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March 18, 2019, 5:55 p.m. EDT

Stocks are poised for an 18% hit, warns economist who nailed last financial crisis

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By Shawn Langlois, MarketWatch

Gary Shilling
“The recessionary indicators are numerous,” Gary Shilling said.

Gary Shilling has a knack for predicting turns in the economy. The former chief economist for Merrill Lynch did it in the 1960s. Again in 1991. And then, leading up to the financial crisis in 2008, he consistently warned the housing boom would turn to bust. We all know how that one turned out.

Now, he’s making another call.

“I give a business downturn starting this year a two-thirds probability,” he wrote in a Bloomberg News op-ed . “The recessionary indicators are numerous.”

Shilling, portfolio manager and president of A. Gary Shilling & Co., pointed to factors such as the near-inversion in the Treasury yield curve, the nasty December for stocks, weaker housing activity, soft consumer spending, etc.

“Then there are the effects of the deteriorating European economies and decelerating growth in China as well as President Donald Trump’s ongoing trade war with that country,” Shilling said.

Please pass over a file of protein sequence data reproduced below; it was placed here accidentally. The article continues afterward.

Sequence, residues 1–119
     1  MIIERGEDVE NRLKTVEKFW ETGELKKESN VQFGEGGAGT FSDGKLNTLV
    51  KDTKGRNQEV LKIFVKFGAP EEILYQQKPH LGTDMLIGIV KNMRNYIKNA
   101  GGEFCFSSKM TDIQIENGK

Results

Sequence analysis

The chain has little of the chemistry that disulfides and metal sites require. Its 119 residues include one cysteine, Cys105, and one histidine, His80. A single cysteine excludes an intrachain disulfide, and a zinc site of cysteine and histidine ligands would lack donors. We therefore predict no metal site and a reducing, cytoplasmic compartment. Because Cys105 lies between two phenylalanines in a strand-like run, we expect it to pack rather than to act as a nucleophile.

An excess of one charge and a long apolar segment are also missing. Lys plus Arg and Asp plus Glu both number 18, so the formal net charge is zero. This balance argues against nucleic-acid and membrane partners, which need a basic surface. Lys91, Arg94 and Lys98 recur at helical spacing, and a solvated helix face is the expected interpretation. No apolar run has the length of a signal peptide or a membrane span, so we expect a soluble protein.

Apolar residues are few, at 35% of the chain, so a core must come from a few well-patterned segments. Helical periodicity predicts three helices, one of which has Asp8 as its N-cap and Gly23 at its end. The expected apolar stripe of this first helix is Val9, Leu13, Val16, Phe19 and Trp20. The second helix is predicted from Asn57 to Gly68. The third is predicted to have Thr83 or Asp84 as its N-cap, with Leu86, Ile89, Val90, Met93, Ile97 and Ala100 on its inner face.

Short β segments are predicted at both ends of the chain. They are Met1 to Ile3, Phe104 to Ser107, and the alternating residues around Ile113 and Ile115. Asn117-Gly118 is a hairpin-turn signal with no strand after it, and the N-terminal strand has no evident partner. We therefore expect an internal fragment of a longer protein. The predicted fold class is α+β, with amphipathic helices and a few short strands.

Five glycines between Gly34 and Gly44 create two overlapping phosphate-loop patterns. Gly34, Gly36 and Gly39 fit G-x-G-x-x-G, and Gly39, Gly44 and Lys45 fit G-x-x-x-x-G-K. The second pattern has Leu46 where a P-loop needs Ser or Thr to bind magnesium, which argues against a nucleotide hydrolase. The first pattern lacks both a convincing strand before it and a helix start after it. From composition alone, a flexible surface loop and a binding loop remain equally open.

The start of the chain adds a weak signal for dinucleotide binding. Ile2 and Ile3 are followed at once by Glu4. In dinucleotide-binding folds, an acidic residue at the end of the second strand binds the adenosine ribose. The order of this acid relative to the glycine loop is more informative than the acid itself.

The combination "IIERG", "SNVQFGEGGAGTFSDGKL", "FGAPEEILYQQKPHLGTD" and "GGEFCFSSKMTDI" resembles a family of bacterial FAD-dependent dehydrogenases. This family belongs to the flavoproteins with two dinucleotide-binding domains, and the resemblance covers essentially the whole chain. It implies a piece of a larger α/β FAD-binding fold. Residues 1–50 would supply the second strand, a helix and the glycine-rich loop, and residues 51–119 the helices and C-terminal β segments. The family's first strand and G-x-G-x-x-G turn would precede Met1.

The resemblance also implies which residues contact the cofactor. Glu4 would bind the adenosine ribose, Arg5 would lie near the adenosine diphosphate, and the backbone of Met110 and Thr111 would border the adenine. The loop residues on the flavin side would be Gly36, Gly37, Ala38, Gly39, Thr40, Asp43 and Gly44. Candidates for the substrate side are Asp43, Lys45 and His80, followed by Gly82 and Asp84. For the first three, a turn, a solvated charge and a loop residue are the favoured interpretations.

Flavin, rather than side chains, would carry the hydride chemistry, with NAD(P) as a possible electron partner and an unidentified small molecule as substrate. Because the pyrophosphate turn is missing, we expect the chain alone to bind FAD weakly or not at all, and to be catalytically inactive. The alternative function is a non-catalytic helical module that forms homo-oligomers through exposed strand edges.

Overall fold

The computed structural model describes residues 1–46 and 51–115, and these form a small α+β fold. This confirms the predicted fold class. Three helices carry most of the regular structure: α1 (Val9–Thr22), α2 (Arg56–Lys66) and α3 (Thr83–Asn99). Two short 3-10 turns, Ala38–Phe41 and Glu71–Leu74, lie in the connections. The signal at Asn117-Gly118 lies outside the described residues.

He explained that it’s possible the current economic softening is temporary, but cautioned that even if it starts to heat back up, it would trigger Fed restraint.

“Policy makers want higher rates in order to have significant room to cut in the next recession, and the current 2.25% to 2.50% range doesn’t give them much leeway,” Shilling wrote. “The Fed also dislikes investors’ zeal for riskier assets, from hedge funds to private equity and leveraged loans, to say nothing of that rankest of rank speculations, bitcoin /zigman2/quotes/31322028/realtime BTCUSD -0.05%  .”

He said that if growth resumes, “a tight credit-induced recession would be postponed until 2020.”

Shilling doesn’t see any major bubbles that are immediately “begging to be pricked,” so he’s looking for the upcoming bear market to bring about more of a “normal recession-related decline” of about 18% from Friday’s closing level.

That would surely sting, but that kind of decline would still be a far cry from the 78% drop by the Nasdaq Composite /zigman2/quotes/210598365/realtime COMP -0.74%  in the wake of the dot-com bubble and the 48% retreat by the S&P 500 /zigman2/quotes/210599714/realtime SPX -0.62%  in the mid-1970s.

The Dow /zigman2/quotes/210598065/realtime DJIA -0.25%  , S&P and Nasdaq all finished Monday’s trading session firmly in green territory.

US : CoinDesk
-5.04 -0.05%
Volume: 0.00
July 21, 2019 5:00p
US : U.S.: Nasdaq
-60.75 -0.74%
Volume: 1.68M
July 19, 2019 5:16p
-18.50 -0.62%
Volume: 1.87B
July 19, 2019 5:08p
US : Dow Jones Global
-68.77 -0.25%
Volume: 287.69M
July 19, 2019 5:08p

Shawn Langlois is an editor and writer for MarketWatch in Los Angeles. Follow him on Twitter @slangwise.

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